Transcriptional signatures related to glucose and lipid metabolism predict treatment response to the tumor necrosis factor antagonist infliximab in patients with treatment-resistant depression

Divya Mehta, Charles L. Raison, Bobbi J. Woolwine, Ebrahim Haroon, Elisabeth B. Binder, Andrew H. Miller, Jennifer C. Felger

Research output: Contribution to journalArticle

34 Scopus citations


Differential expression of genes related to glucose and lipid metabolism predicts response to TNF antagonism in treatment resistant depressed patients. The tumor necrosis factor (TNF) antagonist infliximab was recently found to reduce depressive symptoms in patients with increased baseline inflammation as reflected by a plasma C-reactive protein concentration > 5. mg/L. To further explore predictors and targets of response to infliximab, differential gene expression was examined in peripheral blood mononuclear cells from infliximab responders (n=. 13) versus non-responders (n=. 14) compared to placebo at baseline and 6. h, 24. h, and 2. weeks after the first infliximab infusion. Treatment response was defined as 50% reduction in depressive symptoms at any point during the 12-week trial. One-hundred-forty-eight gene transcripts were significantly associated (1.2-fold, adjusted p≤. 0.01) with response to infliximab and were distinct from placebo responders. Transcripts predictive of infliximab response were associated with gluconeogenesis and cholesterol transport, and were enriched in a network regulated by hepatocyte nuclear factor (HNF)4-alpha, a transcription factor involved in gluconeogenesis and cholesterol and lipid homeostasis. Of the 148 transcripts differentially expressed at baseline, 48% were significantly regulated over time in infliximab responders, including genes related to gluconeogenesis and the HNF4-alpha network, indicating that these predictive genes were responsive to infliximab. Responders also demonstrated inhibition of genes related to apoptosis through TNF signaling at 6. h and 24. h after infusion. Transcripts down-regulated in responders 2. weeks after infliximab were related to innate immune signaling and nuclear factor-kappa B. Thus, baseline transcriptional signatures reflective of alterations in glucose and lipid metabolism predicted antidepressant response to infliximab, and infliximab response involved regulation of metabolic genes and inhibition of genes related to innate immune activation.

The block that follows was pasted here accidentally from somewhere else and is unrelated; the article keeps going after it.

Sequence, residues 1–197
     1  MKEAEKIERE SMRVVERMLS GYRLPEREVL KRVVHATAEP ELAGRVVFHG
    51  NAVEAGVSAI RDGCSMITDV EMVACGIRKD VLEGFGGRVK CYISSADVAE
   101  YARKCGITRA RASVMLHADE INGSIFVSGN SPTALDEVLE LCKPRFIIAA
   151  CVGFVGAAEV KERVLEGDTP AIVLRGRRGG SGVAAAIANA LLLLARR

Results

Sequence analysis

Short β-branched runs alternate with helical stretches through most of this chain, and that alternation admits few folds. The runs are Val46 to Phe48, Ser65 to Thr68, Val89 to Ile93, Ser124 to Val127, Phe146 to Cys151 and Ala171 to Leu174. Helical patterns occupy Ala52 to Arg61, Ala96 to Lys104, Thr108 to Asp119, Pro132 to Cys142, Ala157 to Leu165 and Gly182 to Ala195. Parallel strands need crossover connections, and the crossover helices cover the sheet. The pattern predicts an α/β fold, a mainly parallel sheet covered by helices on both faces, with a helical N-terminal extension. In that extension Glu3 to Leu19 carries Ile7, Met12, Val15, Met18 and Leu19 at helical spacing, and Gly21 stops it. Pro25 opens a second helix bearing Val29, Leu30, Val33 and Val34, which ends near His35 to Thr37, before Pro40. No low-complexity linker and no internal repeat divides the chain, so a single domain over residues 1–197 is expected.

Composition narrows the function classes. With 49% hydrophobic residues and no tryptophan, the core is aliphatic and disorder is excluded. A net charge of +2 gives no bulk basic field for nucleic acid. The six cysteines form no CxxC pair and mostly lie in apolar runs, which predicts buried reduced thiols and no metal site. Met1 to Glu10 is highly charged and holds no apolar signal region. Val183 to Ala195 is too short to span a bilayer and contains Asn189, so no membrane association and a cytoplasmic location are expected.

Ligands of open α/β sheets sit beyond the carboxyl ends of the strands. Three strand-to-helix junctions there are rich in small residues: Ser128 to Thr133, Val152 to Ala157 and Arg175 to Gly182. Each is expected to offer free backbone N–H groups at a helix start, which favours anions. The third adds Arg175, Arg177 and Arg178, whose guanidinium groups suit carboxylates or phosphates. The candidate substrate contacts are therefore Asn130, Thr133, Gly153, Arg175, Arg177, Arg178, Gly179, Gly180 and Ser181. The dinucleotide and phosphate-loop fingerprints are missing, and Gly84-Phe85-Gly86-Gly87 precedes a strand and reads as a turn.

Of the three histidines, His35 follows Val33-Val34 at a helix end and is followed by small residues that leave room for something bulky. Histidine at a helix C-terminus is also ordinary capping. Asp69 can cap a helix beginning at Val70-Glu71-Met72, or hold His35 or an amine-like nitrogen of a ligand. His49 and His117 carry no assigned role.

Original languageEnglish (US)
Pages (from-to)205-215
Number of pages11
JournalBrain, Behavior, and Immunity
StatePublished - Jul 1 2013



  • Depression
  • Gene expression
  • Gluconeogenesis
  • Infliximab
  • Tumor necrosis factor

ASJC Scopus subject areas

  • Immunology
  • Endocrine and Autonomic Systems
  • Behavioral Neuroscience

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